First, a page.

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Python
```a = float(input("How long since your last meal? "))
b = input("What season is it? ")

def hungry_func(a, b):
if b == "summer" or b == "spring":
if ((a // 60.0) > 6.0):
print("You must be hungry")
else:
print("OK")

elif b == "winter" or b == "autumn":
if ((a // 60.0) > 4.0):
print("You must be hungry")
else:
print("OK")

return a, b

hungry_func(a, b)```

the error now is that for input 399 in last meal and summer for season gives ok output instead of hungry

What I have tried:

programs function enter season and time since last meal, if exceeded 6 hours for summer or spring then 'hungry', but for winter and autumn it is 4 hours. however i cannot seem to get my code to work. am new so any help appreciated
Posted
Updated 26-Mar-22 7:08am
v4

## Solution 1

Getting your code to run does not mean it is right! :laugh:
Think of the development process as writing an email: compiling successfully means that you wrote the email in the right language - English, rather than German for example - not that the email contained the message you wanted to send.

So now you enter the second stage of development (in reality it's the fourth or fifth, but you'll come to the earlier stages later): Testing and Debugging.

Start by looking at what it does do, and how that differs from what you wanted. This is important, because it give you information as to why it's doing it. For example, if a program is intended to let the user enter a number and it doubles it and prints the answer, then if the input / output was like this:
```Input   Expected output    Actual output
1            2                 1
2            4                 4
3            6                 9
4            8                16```
Then it's fairly obvious that the problem is with the bit which doubles it - it's not adding itself to itself, or multiplying it by 2, it's multiplying it by itself and returning the square of the input.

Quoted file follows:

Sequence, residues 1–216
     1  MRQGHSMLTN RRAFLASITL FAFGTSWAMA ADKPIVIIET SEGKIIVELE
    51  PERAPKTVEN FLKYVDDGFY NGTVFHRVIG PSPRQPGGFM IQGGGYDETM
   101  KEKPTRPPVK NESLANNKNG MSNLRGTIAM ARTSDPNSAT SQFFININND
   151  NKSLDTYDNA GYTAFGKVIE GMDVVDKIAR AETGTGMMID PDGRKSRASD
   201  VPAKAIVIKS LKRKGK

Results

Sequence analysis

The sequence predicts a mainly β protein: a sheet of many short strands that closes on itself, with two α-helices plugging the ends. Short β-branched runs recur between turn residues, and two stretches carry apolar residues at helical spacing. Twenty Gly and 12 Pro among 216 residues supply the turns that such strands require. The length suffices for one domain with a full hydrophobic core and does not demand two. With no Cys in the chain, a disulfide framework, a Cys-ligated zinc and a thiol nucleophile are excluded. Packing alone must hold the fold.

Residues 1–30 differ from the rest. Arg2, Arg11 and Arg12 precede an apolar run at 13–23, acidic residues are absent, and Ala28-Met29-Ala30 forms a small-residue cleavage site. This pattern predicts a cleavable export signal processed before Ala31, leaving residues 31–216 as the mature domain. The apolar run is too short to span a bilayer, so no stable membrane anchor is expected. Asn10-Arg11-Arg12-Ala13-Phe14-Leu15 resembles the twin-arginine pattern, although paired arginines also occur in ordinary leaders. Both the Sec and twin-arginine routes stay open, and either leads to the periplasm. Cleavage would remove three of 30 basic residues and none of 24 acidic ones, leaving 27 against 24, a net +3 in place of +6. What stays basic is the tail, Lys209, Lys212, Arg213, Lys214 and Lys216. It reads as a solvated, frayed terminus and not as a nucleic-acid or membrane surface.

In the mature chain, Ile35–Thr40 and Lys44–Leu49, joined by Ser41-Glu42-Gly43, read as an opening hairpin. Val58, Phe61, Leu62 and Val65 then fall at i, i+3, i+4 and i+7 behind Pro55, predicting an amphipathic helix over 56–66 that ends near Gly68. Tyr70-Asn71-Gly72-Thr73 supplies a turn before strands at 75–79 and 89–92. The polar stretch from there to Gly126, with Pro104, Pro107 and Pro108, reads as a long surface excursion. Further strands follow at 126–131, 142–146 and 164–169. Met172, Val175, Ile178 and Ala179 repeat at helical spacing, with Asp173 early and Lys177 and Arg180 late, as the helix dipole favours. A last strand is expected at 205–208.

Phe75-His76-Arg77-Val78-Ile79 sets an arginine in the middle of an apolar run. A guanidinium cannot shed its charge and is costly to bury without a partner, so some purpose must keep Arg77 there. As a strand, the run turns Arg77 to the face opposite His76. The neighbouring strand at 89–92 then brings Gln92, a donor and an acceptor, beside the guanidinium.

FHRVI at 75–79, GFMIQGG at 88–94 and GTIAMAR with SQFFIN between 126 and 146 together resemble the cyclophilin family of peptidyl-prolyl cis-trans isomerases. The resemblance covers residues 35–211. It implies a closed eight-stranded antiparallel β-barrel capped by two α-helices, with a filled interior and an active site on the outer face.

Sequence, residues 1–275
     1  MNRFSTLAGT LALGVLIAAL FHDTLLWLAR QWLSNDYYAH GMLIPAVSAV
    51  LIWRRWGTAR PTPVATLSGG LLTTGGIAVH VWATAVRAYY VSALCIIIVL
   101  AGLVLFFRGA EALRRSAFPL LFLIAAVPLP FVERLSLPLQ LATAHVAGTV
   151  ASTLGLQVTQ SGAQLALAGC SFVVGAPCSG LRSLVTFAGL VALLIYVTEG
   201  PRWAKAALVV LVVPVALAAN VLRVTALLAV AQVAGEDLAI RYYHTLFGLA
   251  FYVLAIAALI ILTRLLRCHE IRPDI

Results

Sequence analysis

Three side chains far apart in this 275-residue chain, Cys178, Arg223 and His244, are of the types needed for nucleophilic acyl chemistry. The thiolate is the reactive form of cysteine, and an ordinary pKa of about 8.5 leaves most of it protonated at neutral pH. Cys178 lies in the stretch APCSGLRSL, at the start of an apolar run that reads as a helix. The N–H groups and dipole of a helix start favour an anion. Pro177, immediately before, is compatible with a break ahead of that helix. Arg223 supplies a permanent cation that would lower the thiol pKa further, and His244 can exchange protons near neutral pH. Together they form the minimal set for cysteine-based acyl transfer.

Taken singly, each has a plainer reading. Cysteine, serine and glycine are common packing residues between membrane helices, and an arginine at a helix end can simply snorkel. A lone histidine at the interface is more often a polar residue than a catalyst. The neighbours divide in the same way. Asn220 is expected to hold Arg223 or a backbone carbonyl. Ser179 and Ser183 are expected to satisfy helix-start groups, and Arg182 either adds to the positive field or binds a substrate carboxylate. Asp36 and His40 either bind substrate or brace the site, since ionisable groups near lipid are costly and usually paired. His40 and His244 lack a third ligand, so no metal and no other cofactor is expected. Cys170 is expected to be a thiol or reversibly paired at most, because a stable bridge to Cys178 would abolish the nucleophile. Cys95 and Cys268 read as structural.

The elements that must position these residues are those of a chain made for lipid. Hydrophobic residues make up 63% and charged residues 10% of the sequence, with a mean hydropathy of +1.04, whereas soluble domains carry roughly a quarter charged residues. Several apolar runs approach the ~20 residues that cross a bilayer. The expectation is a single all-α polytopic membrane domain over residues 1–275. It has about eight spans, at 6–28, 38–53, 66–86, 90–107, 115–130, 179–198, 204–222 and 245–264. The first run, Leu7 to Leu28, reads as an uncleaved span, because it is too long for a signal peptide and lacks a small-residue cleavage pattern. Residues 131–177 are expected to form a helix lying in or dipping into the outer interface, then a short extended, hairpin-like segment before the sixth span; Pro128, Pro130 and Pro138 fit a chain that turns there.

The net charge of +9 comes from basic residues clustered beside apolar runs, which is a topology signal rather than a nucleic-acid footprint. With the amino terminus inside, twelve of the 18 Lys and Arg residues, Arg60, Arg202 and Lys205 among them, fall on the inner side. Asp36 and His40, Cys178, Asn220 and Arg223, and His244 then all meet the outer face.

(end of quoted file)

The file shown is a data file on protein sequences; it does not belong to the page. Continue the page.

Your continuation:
So with that, you can look at the code and it's obvious that it's somewhere here:
```int Double(int value)
{
return value * value;
}```

Once you have an idea what might be going wrong, start using the debugger to find out why. Put a breakpoint on the first line of the method, and run your app. When it reaches the breakpoint, the debugger will stop, and hand control over to you. You can now run your code line-by-line (called "single stepping") and look at (or even change) variable contents as necessary (heck, you can even change the code and try again if you need to).
Think about what each line in the code should do before you execute it, and compare that to what it actually did when you use the "Step over" button to execute each line in turn. Did it do what you expect? If so, move on to the next line.
If not, why not? How does it differ?
Hopefully, that should help you locate which part of that code has a problem, and what the problem is.

If you don't know how to use a debugger, then start here: pdb — The Python Debugger — Python 3.10.4 documentation[^]

This is a skill, and it's one which is well worth developing as it helps you in the real world as well as in development. And like all skills, it only improves by use!

## Solution 2

Quote:
Python - why do my if statements not work

Because it is not Python language !
Try to replace
Python
`if b == "summer" or "spring":`

with
Python
`if b == "summer" or b == "spring":`
mr.habibbi 26-Mar-22 11:54am

it fixed most but '399' with 'summer' doesn't work, prints 'ok' instead of 'hungry'
Patrice T 26-Mar-22 12:39pm

Show your last code and explain new problem.
Use Improve question to update your question.
mr.habibbi 26-Mar-22 12:51pm

see now